Subject: Re: FW: Why would I pay for Ximian software?
From: Ian Lance Taylor <ian@airs.com>
Date: 03 Jan 2002 12:30:31 -0800

Tom Lord <lord@regexps.com> writes:

> Combine the availability of XP with a few whiz-bang features that
> excite the general public (e.g. voice recognition and home
> entertainment control), and I fear the lemming-rush to individual
> consumer lock-in will be overwhelming and permanent.

Windows style functionality is already overwhelming and permanent.  I
believe that anything which hopes to compete with Windows will have to
be either very very similar--down to the level of mouse clicks--or
radically different.  StarOffice is an example of very very similar.
PalmOS is an example of radically different.

> Also, what consumer applications do you think are important to
> individual consumers?  (Disclaimer: I'm interested in the (alas, open,
> research) problem of exposing the combinative, novel-problem-solving
> capabilities of computation to non-technical individual users, partly
> because I have the belief that there are maybe a half-dozen apps that
> are, to a first approximation, all anyone ever uses.)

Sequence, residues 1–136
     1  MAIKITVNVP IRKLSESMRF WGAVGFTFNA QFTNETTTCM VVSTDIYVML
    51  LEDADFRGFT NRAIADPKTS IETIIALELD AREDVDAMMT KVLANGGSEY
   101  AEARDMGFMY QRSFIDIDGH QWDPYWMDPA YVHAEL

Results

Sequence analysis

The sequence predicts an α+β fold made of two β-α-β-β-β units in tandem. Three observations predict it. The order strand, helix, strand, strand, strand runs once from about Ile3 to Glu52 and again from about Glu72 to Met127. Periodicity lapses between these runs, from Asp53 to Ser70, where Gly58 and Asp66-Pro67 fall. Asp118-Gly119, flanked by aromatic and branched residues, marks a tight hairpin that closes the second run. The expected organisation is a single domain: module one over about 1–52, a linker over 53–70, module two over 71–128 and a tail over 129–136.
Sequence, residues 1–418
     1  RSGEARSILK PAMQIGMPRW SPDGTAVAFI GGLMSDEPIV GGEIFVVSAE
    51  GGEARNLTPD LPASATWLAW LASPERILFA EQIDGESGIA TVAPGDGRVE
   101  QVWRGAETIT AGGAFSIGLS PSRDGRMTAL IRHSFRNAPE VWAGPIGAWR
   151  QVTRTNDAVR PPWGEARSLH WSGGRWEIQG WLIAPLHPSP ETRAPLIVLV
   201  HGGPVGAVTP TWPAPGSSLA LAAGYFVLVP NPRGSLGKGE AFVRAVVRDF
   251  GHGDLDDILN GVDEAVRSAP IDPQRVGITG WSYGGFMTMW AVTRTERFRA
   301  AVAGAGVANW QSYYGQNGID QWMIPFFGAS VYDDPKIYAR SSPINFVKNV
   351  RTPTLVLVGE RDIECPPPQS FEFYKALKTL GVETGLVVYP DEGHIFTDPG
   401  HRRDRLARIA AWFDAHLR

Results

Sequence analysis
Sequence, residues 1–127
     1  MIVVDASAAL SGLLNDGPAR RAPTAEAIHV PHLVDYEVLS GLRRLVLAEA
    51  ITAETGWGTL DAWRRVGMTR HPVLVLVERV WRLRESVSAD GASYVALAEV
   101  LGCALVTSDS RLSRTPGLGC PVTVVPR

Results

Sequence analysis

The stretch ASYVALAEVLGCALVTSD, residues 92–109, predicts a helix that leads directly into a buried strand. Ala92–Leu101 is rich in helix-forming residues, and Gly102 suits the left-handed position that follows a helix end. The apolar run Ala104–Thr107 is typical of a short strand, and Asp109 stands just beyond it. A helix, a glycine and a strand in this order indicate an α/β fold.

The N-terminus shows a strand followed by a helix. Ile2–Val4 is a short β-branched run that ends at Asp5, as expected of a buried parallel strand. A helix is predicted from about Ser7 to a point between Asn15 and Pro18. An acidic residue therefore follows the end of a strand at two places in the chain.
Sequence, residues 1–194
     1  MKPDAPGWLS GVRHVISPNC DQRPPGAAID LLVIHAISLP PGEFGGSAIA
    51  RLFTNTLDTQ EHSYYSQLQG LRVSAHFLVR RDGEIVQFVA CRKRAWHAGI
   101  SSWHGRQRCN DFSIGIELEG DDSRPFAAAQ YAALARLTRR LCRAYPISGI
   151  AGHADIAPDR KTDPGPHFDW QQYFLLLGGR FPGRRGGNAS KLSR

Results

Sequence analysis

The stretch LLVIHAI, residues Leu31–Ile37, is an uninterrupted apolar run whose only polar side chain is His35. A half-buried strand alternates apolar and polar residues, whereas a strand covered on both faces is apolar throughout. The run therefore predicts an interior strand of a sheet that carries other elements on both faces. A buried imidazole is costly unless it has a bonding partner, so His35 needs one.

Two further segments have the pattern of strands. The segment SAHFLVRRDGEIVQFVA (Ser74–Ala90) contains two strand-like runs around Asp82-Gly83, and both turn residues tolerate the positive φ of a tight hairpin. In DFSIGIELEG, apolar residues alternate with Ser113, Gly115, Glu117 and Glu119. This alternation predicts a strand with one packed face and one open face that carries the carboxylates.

I agree that users use only a few applications.  I think the
applications which matter are: browser, e-mail reader, appointment and
contact manager, word processor, spreadsheet, presentation creator.
Perhaps diagram creator, desktop publisher, web site creator, and
image editor.  Pretty soon I expect that we can add movie editor and
music editor.

> "As easy to use as proprietary alternatives" is (for the moment) a
> very low barrier.  In my experience, GNOME was there several years
> ago.  The problems were bugs and a level of inconsistency (in areas
> such as on-line help) that reeked of amateurishness and were a constant
> source of low-level annoyance.

As others have said, if you think that GNOME, and the applications
which comes with it, are as easy to use for most people as Windows and
MS apps, you are seriously mistaken.

Ian